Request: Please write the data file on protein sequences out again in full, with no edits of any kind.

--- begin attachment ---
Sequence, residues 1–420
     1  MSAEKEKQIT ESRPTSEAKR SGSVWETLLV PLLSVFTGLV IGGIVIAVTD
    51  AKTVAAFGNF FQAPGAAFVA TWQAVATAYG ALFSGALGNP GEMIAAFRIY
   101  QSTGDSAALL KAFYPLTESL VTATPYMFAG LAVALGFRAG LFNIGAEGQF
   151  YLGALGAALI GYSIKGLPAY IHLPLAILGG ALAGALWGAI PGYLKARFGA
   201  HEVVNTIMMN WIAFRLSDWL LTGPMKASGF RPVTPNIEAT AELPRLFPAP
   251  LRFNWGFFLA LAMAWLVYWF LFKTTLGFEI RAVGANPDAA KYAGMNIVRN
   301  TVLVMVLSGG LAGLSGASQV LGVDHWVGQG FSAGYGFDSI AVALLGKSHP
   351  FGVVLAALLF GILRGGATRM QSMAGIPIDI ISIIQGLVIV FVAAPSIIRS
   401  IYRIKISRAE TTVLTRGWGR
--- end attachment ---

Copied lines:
Sequence, residues 1–420
     1  MSAEKEKQIT ESRPTSEAKR SGSVWETLLV PLLSVFTGLV IGGIVIAVTD
    51  AKTVAAFGNF FQAPGAAFVA TWQAVATAYG ALFSGALGNP GEMIAAFRIY
   101  QSTGDSAALL KAFYPLTESL VTATPYMFAG LAVALGFRAG LFNIGAEGQF
   151  YLGALGAALI GYSIKGLPAY IHLPLAILGG ALAGALWGAI PGYLKARFGA
   201  HEVVNTIMMN WIAFRLSDWL LTGPMKASGF RPVTPNIEAT AELPRLFPAP
   251  LRFNWGFFLA LAMAWLVYWF LFKTTLGFEI RAVGANPDAA KYAGMNIVRN
   301  TVLVMVLSGG LAGLSGASQV LGVDHWVGQG FSAGYGFDSI AVALLGKSHP
   351  FGVVLAALLF GILRGGATRM QSMAGIPIDI ISIIQGLVIV FVAAPSIIRS
   401  IYRIKISRAE TTVLTRGWGR